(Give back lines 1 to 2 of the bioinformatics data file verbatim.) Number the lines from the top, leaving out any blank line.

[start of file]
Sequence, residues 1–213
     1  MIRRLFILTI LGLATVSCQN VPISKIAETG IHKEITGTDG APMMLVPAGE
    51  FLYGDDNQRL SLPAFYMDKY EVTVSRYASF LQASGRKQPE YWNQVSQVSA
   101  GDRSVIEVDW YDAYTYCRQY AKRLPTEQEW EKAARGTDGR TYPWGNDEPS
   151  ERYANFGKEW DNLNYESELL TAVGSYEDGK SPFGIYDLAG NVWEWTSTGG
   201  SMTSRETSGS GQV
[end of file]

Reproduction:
Sequence, residues 1–213
     1  MIRRLFILTI LGLATVSCQN VPISKIAETG IHKEITGTDG APMMLVPAGE